Last week we reported on the Ford Foundation’s $1 billion, five-year, Build program’s ongoing investment in the long-term capacity and sustainability of up to 300 social justice nonprofits. The Ford Foundation recognized that the popular donor trend of restricting funding to specific programs without accounting for infrastructure expenses was leading to a “nonprofit starvation cycle”, where charities cease to function because they can’t pay for overhead costs, such as administrative employees, computers and electric bills.
The Murky Past
However, the Ford Foundation’s generous donation is only a beginning. Most smaller nonprofits are still struggling to survive in this new restricted funding environment. In the past, nonprofit organizations have presented a deliberately cloudy picture of the revenue and expense drivers needed to deliver their programs leading to a gap between the amount of funds that are raised for a program and what it actually costs to perform the work. The resulting structural deficit can drain resources from an organization and ultimately collapse the nonprofit.
Now more than ever, nonprofits must be able to truthfully report the revenue-to-program delivery chain, as they walk a tightrope to justify overhead expenditures as an integral component of mission fulfillment. The nonprofit community must strive to be more accountable and transparent to the donor community by providing accurate financial reports and other supporting information to reflect the true costs of nonprofit operations.
The Present Reality
Many nonprofits boast of the small percentage of dollars that go to administrative and fundraising expenses, particularly in web pie charts and fundraising pitches. Unfortunately, such claims inadvertently play into the nonprofit starvation cycle, as they reinforce underinvestment in critical programs because the true costs of delivering services are not explained. Quite to the contrary, Ann Goggins and Dan Howard in the Stanford Innovation Review state:
“Organizations that build robust infrastructure—which includes sturdy information technology systems, financial systems, skills training, fundraising processes, and other essential overhead— are more likely to succeed than those that do not…The next wave of nonprofit effectiveness will be to educate funders on the real cost of results using a blend of quantitative measures and qualitative narratives. Funders need to understand the truth if they are to change their behavior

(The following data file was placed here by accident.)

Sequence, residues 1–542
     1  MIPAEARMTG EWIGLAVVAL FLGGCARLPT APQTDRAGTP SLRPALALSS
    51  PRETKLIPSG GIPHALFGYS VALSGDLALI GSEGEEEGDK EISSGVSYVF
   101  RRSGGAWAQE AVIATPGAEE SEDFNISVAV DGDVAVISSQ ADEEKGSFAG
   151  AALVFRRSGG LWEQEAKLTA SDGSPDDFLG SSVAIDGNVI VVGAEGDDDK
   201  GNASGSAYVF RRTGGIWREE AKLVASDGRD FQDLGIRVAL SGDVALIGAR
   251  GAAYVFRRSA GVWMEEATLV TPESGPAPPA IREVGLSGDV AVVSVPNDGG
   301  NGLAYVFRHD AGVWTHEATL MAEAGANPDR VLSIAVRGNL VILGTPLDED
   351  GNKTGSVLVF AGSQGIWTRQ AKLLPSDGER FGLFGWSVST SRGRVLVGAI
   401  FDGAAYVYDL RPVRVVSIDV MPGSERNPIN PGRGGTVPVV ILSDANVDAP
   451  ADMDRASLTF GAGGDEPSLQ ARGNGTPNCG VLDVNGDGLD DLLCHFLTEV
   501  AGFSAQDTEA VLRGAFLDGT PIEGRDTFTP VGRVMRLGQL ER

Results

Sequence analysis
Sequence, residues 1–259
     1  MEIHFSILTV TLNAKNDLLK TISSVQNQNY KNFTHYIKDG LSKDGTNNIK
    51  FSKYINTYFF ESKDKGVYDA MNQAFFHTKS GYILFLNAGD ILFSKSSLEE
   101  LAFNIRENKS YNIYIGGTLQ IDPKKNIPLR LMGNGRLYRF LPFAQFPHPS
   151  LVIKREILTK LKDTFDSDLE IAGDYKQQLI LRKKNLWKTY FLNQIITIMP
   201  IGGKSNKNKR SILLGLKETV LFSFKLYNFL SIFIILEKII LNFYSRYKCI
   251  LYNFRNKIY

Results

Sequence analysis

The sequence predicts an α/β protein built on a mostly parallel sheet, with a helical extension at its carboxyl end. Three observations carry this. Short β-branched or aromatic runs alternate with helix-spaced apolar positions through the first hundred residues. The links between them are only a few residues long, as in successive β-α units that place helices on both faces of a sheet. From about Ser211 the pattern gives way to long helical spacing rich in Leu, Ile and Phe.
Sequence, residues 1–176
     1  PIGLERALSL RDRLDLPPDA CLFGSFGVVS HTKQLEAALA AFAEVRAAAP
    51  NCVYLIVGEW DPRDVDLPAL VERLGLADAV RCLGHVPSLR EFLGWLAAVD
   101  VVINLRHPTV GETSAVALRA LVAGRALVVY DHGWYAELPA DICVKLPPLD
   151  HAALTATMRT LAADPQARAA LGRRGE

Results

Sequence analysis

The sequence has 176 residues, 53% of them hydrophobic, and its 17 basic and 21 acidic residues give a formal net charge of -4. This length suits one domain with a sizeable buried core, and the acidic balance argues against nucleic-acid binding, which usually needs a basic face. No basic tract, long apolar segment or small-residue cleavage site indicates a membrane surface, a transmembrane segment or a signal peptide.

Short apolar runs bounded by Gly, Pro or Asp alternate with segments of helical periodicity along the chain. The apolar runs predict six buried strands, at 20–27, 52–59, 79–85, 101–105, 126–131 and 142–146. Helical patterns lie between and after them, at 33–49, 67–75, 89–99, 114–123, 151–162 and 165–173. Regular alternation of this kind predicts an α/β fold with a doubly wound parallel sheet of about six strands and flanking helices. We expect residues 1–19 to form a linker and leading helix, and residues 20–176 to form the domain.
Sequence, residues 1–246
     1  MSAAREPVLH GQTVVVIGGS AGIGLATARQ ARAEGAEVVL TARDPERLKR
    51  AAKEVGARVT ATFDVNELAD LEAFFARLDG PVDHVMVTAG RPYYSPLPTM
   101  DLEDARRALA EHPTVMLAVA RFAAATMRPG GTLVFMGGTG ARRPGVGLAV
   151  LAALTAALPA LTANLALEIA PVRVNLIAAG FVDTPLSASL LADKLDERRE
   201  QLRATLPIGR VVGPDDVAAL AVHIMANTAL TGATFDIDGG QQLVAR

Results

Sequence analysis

The watchdog agency Charity Navigator was founded in 2001 to evaluate nonprofit effectiveness, much like a nonprofit Consumer Reports. It has since become the largest and most-used evaluator of charities in the United States.
Charity Navigator’s rating system examines two broad areas of nonprofit performance, Financial Health and Accountability and Transparency. Ratings demonstrate to donors:
- How efficiently a nonprofit will use their contribution.
- How well it has funded its programs and services.
- And its commitment to governance, best practices and transparency.
Financial HealthCharity Navigator’s evaluations are based on the financial information that each charity provides in its informational tax return, the IRS Form 990. With that information, they analyze each charity’s financial performance in seven key areas, which assess its financial efficiency and capacity, in relation to the charity’s cause area. Their final score of ‘Financial Health’ comes from combining a charity’s scores on a zero to ten scale for each of the seven performance metrics. Their performance metrics consider the true cost of delivering programs while highlighting the efficient and sustainable development of necessary administrative programs.
Accountability & Transparency:Charity Navigator uses two sources to evaluate an organization’s Accountability & Transparency: information provided by an organization on their Form 990 and information collected from a review of the charity’s website. They use that information to score the organization on seventeen different metrics, which assess whether the charity follows best practices of governance and ethics, and whether the charity makes it easy for donors to find critical information about the organization. They then assign a rating for the organization’s overall Accountability & Transparency.
Donors who use Charity Navigator’s rating system are more likely to come away with a realistic view of a nonprofit’s ability to both sustain itself and deliver mission outcomes.
In the world of nonprofit fundraising, there is no measure more valuable or objective than that of a 4-star Charity Navigator rating.